Many companies, large and small, are in trouble or are heading for it fast. One only has to read the headlines to learn of multi-billion dollar write-offs and new bankruptcy filings. Economists may debate whether we are currently in a recession or not, but virtually all agree – economic conditions in early 2008 are a big concern.
Over the years, I’ve spoken with many bankruptcy lawyers and turnaround experts. Their number one complaint is that their clients waited too long to contact them. They would have been able to help even more if they had been contacted sooner. Why do clients wait? For a number of reasons. Men, in particular, are known for not going immediately to their doctor. Many assume or hope the problem will go away. Others think they can diagnose the problem and fix it themselves. Business owners and executives are the same. To seek help or advice is to admit there is a problem. Many think this will reflect poorly on them. Egos get in the way – they don’t need help, they’re smart and know what they are doing, etc.
Most people understand that the first step in solving a problem is to acknowledge there is a problem. Unfortunately, to get people to acknowledge problems is a major obstacle. I speak throughout the country to CPAs. Many CPAs do not advise their business clients that their business is getting into trouble or that the trends do not look good. Why? Because many CPAs are afraid their clients will shoot the messenger – fire them. If the business owner or executive won’t acknowledge the problems and the company’s CPA won’t discuss the problems, who will? This is a major problem, especially for closely-held companies who are not monitored by sophisticated directors, shareholders, analysts, or bond rating companies.
Lawyers could play a constructive role. However, many don’t for three reasons. One, many lawyers do not have a strong business background and do not think of themselves as business advisors. Instead, they only focus on the legal issues they have been asked to address. Two, like CPAs, they are afraid of offending their client and losing business. Three, many lawyers do not receive their client’s financial statements and cannot see the trends in the numbers. What is the answer? I tell clients I am there to help them succeed. Not just because I’m a nice guy, but because successful clients can pay my invoice! Also, successful clients tend to need more services! They get involved in more deals and one thing leads to another. I’m a big believer in the idea that asking the right question is 90% of the solution. In law school, lawyers are trained to “spot the issue.”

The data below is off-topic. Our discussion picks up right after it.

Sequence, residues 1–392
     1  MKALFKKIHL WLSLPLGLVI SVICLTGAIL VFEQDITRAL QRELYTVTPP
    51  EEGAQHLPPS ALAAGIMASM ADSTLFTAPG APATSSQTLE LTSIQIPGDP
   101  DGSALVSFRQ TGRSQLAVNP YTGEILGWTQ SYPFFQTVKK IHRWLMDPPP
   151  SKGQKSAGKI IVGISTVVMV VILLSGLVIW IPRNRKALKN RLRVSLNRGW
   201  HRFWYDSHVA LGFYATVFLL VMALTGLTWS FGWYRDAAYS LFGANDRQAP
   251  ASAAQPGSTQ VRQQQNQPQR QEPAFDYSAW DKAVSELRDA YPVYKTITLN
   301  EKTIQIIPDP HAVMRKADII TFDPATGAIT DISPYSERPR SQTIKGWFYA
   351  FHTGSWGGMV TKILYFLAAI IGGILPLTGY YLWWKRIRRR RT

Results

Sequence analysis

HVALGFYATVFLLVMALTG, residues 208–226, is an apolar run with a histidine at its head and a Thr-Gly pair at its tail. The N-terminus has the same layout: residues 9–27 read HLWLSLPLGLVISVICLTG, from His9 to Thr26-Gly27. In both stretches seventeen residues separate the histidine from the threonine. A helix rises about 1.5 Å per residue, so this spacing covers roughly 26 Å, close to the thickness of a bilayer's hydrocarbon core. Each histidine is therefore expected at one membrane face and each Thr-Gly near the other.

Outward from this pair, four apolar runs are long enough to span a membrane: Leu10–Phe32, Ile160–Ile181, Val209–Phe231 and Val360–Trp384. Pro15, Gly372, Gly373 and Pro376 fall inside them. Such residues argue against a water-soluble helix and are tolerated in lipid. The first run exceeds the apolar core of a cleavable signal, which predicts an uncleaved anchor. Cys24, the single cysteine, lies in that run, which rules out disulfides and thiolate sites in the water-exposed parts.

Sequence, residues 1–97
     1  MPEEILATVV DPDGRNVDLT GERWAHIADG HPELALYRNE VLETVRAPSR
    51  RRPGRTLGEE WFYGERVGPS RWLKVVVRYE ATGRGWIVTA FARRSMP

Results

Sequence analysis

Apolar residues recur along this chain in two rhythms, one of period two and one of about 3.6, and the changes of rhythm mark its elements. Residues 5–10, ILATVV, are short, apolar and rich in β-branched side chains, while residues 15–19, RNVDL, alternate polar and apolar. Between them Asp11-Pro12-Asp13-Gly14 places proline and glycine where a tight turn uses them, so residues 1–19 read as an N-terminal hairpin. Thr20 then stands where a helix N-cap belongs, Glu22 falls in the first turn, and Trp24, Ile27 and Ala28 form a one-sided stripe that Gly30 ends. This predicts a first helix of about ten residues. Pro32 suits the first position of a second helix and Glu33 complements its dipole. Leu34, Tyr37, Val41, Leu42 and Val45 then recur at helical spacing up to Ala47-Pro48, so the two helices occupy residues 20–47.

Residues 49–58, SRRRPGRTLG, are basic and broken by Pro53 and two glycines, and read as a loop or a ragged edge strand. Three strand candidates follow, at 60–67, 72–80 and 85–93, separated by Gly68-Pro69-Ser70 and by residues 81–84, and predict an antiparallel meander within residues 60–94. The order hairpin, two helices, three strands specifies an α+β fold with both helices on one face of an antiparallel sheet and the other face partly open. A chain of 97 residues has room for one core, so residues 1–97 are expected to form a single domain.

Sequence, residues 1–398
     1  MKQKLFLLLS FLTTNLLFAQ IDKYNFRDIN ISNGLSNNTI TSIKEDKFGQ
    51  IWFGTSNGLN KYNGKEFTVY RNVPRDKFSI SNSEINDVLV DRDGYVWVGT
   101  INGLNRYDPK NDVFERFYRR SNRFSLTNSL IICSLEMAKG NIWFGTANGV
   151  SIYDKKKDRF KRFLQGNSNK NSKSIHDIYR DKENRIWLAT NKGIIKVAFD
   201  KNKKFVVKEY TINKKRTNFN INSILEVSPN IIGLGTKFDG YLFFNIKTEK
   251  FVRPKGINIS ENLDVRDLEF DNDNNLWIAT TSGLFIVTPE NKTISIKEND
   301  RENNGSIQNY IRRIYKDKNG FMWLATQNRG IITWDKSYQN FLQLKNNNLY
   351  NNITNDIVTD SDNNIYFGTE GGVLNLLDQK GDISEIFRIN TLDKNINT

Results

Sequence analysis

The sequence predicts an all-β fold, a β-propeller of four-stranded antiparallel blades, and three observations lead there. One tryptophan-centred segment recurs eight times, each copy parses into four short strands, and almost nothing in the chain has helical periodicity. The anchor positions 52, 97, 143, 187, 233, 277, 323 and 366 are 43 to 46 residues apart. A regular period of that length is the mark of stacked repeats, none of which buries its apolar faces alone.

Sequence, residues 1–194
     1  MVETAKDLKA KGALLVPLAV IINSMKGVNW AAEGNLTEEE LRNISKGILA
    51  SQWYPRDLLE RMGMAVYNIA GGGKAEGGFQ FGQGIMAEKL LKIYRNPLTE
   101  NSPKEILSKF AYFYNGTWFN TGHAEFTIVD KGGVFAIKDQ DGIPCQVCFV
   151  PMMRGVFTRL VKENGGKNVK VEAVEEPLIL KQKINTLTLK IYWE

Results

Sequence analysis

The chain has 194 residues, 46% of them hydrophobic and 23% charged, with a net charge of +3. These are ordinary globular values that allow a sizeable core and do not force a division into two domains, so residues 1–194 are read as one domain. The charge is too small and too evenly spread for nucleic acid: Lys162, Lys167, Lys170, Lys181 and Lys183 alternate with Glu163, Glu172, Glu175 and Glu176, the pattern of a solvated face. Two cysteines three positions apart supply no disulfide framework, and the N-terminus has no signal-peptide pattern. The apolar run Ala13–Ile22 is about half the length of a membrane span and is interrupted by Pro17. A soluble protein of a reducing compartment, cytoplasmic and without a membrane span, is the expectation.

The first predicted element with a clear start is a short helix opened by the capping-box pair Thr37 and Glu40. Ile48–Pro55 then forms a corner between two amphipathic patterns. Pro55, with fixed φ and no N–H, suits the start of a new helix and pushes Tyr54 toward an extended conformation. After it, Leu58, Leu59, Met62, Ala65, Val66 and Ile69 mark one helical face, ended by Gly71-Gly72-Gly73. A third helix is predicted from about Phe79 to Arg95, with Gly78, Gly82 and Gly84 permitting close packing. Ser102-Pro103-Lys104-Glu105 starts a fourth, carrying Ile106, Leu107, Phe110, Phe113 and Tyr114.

The same should be true for business. Unfortunately, many business people do not spot the issue because they don’t even stop to think about it. I’ve had many people tell me they don’t have time to think about their business because they are too busy putting out fires. I respond that they would not have so many fires to put out if they would execute a well thought-out plan. “Plan your work and work your plan.” Sounds simple doesn’t it? Unfortunately, many businesses do not have a plan; they are simply reacting to the day’s events. The advantages of having a business plan will be explored in another article.
How can you help your business clients? Encourage them to get a “check-up.” People go to doctors for medical check-ups, even when they are feeling well. Similarly business owners or executives should get a “business check-up.” Preventative medicine strives to prevent larger problems from occurring in the future. Preventative maintenance on a car has the same goal. Let a competent individual get under the hood, poke around, and ask questions. The same concept applies to businesses. They may see things the owner or executive will never see or can better diagnose the problem based upon the symptoms that are present. A fresh perspective is often invaluable. An outsider can challenge conventional thinking, bring their own experience and knowledge learned from working with other companies, and apply it for the benefit of your client’s business. A “business check-up” is often not that expensive and the benefits often far exceed the cost.
Time really is of the essence here because perception is reality. When customers and/or suppliers get the feeling that a business is in trouble they often do not want to do business with that business. Suppliers may be concerned that they will not get paid, so they supply only on a COD basis. In short, perception may create a self-fulfilling prophecy. Problems need to be nipped in the bud, when the company’s options are the greatest. As a problem grows, the options for dealing with it often tend to narrow. Executives wait and watch and then they claim they have to file a bankruptcy petition to stop creditors in their tracks. It has been reported that only 12% of companies that file a Chapter 11 petition actually emerge and go on to success. In short, if a company files a bankruptcy petition, the end is in sight the majority of the time. The goal is to never get there.
Summary of Key Points
1. Many owners and executives do not like to acknowledge that their business is in trouble.
2. CPAs and lawyers often do not alert their clients to current or coming trouble.
3. Having an independent third party do a “business check-up” can provide many benefits.
4. It is critical to spot and fix the problems as quickly as possible, before they grow into major problems.
Dennis Gerschick is the President of Gerschick Business & Investment Counsel, LLC and can be reached at firstname.lastname@example.org Dennis would appreciate your suggestions for future articles.
© 2008 Dennis J. Gerschick All Rights Reserved